After 20 years of war, President Joe Biden has announced the withdrawal of American troops…
After 18 years, EMERGENCY’s work at the Paediatric Centre in Goderich is drawing to an end.
On 29 February 2020, EMERGENCY will end its paediatric work at the centre. Opened in 2002 to provide free treatment of high quality to children under 14, the Paediatric Centre in Goderich has done just that for 100 patients every day in the intervening years.
The recent decision follows an agreement with the national Ministry of Health and the opening of three new government facilities – Lumley Government Hospital, Rokupa Hospital, and Kingharman Maternal and Child Hospital – all of which lie just a few miles from our centre and provide treatment for mothers and babies.
The World Health Organization’s data state that the infant mortality rate in Sierra Leone is still one of the highest in the world. Of every 1,000 babies born alive, 120 die before their fifth birthday. Malaria, malnutrition, and respiratory and gastrointestinal infections are among the main causes of death for these infants. Children under five may have the right to free healthcare in the country, but few of them can actually get treatment.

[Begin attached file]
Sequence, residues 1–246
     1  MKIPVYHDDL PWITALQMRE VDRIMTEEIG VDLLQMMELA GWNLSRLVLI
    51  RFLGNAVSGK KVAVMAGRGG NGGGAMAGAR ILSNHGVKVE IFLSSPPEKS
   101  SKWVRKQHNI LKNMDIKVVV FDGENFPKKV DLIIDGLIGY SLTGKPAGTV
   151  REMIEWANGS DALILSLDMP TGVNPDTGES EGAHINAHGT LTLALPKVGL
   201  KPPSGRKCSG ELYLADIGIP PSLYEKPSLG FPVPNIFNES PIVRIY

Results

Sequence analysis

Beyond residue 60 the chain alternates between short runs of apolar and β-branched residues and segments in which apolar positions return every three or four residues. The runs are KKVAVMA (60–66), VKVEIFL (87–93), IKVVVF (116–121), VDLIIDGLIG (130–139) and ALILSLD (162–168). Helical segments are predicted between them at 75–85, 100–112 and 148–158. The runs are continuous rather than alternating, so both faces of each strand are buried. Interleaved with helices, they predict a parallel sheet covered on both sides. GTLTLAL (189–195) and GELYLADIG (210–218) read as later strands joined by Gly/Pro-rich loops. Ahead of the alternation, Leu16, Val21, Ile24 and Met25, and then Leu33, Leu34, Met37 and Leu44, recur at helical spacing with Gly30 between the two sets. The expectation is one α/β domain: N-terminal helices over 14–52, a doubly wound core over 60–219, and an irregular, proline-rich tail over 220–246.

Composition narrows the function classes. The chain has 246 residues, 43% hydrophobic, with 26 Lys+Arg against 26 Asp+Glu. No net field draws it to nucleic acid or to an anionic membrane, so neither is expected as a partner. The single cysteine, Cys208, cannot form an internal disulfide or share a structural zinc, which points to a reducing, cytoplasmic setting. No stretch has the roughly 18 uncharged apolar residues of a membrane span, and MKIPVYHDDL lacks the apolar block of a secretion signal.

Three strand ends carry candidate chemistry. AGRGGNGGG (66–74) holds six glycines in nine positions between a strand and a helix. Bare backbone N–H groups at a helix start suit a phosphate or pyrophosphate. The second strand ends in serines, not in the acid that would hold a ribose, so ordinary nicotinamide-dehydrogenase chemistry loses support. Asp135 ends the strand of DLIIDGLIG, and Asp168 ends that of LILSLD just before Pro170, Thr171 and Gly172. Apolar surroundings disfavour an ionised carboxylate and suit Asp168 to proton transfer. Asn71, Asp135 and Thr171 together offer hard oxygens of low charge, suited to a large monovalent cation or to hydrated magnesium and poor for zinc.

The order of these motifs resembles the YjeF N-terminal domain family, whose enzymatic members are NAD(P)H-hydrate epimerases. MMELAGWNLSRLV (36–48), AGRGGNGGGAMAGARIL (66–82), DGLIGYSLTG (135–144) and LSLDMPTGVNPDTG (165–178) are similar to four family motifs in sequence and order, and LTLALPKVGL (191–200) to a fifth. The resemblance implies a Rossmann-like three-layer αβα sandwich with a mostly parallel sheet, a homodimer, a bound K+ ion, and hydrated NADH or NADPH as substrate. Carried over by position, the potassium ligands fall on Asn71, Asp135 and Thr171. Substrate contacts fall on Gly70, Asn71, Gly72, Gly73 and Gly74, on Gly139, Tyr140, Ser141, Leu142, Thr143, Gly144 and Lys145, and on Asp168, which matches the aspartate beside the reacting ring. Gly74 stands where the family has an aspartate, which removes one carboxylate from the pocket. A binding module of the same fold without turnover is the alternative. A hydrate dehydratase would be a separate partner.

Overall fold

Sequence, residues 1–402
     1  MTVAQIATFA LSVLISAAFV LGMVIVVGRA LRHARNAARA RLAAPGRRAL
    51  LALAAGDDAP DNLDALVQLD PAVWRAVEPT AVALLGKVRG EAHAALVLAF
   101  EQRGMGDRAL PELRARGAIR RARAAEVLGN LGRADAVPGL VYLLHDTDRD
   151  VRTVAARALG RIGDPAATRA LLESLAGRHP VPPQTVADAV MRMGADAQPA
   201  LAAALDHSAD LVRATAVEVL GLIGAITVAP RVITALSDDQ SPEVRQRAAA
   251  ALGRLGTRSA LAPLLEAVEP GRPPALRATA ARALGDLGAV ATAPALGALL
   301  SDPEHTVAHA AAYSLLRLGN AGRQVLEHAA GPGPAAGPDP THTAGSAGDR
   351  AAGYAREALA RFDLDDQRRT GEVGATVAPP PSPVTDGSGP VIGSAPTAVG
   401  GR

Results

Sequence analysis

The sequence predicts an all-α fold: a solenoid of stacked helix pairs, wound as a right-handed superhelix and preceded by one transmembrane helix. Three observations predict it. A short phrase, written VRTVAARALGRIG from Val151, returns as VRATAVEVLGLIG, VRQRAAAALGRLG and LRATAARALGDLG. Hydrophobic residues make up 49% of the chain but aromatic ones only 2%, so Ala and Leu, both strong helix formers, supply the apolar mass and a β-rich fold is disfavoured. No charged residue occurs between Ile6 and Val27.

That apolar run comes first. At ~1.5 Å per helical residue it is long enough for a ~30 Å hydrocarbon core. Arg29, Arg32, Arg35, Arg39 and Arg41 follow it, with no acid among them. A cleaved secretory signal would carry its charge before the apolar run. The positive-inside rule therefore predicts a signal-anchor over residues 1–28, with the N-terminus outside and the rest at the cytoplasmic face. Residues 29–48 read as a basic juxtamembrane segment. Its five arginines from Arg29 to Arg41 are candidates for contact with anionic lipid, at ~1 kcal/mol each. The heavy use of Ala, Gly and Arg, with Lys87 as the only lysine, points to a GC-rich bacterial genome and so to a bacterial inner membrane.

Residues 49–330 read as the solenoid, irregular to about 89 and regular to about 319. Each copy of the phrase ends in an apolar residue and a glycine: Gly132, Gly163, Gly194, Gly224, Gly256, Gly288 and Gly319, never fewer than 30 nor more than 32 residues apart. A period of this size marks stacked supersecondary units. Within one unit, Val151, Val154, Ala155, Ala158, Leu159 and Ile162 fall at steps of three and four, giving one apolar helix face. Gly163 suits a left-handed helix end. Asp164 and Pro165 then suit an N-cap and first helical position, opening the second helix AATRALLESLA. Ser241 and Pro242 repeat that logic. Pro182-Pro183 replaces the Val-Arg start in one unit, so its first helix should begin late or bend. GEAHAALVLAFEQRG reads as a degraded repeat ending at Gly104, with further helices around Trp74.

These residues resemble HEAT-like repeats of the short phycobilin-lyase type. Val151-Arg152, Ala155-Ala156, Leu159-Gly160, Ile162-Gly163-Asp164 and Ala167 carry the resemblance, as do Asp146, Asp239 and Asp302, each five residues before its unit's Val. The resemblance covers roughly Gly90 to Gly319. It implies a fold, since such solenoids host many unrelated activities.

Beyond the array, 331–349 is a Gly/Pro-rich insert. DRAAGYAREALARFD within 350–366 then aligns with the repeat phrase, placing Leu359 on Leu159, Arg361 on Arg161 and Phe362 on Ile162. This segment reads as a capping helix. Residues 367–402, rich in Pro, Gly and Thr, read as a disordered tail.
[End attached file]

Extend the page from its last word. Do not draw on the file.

This is why EMERGENCY stepped up its work in the country in 2002, building a Paediatric Centre to provide free healthcare to children under 14, next door to its existing Surgical Centre in Goderich, which remains the primary referral hospital for the whole country. Since 2002, EMERGENCY has provided free treatment of high quality to more than 380,000 child patients.
EMERGENCY’s hospital in Goderich will go on treating patients in need of emergency surgery or traumatology. The local authorities have acknowledged and stressed the importance of EMERGENCY’s Surgical Centre in Goderich to Sierra Leone. It is, after all, the only free surgical hospital in the country and has performed over 50,000 operations since it opened, becoming the national referral centre for orthopaedics and traumatology in the process.
The Sierra Leonean Ministry of Health is also committed to assembling working groups to transfer surgery patients more efficiently, both to EMERGENCY’s Surgical Centre and Connaught Hospital, the main government referral hospital for adults. The aim is to develop an efficient, working referral centre for surgery patients and divide labour well between the two centres, to make the most of each.
The soda programme and the regional cardiac surgery programme also continue to operate. The former treats children who have swallowed lye, a common medical issue in the country due to the practice of soap being made at home. In the second, EMERGENCY performs cardiological screening for Sierra Leonean patients to see it they need referral for operations at our Salam Centre for Cardiac Surgery in Sudan.
Through all this work, EMERGENCY affirms its commitment to working with the Sierra Leonean government to strengthen the results they have already achieved and improve the country’s health system.